The simple model of democracy—the people making up their minds beforehand and choosing representatives who will faithfully implement their opinions—is sometimes a simplification of reality. The politician is often the midwife of the truth of society, in the words of Guéhenno, and shapes the will of the people. Politicians necessarily take over characteristics of the people and start to resemble the people, otherwise they cannot represent the people and the people will never support the politicians. However, the opposite is also true. The people often start to resemble the politicians because the politicians clarify the sometimes vague and contradictory opinions of the people.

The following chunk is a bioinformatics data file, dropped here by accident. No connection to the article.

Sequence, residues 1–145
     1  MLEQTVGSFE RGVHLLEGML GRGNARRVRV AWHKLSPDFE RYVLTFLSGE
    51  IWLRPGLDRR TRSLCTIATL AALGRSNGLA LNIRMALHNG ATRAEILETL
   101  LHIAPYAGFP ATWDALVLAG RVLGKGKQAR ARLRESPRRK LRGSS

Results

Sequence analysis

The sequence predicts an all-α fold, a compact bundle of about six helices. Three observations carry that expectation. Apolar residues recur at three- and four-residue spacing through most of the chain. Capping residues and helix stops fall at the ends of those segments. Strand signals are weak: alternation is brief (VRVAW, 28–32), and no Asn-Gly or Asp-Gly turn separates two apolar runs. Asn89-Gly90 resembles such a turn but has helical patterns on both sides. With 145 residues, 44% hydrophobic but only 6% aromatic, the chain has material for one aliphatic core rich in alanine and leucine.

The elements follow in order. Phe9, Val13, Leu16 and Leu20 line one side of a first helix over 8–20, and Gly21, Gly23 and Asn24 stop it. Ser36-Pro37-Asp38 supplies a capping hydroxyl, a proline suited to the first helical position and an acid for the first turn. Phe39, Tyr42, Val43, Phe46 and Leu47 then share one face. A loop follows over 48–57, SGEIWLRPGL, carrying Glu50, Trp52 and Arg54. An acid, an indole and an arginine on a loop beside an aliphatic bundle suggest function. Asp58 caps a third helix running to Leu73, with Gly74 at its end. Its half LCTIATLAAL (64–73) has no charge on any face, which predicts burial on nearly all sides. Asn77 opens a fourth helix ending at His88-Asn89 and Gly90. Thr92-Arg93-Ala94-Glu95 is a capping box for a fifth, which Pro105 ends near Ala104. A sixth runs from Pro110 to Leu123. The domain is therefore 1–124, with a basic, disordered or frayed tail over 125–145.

If the representatives were only allowed to follow the instructions of the electorate, then the affairs of parliament would be no more than an exercise in arithmetic, a sum of opinions. Representatives in parliament could not and should not discuss, deliberate and convince each other. If a representative changes his opinions as a consequence of discussion and argumentation in parliament—and this happens very often, because otherwise discussion and argumentation would be useless—then his opinions are no longer those that won him the election and he no longer represents the people who elected him. If representatives must follow the instructions of the electorate in every case, then parliament cannot be a place where different opinions are juxtaposed and discussed and where people try to come to a common opinion based on argumentation rather than the coincidence of identical opinions.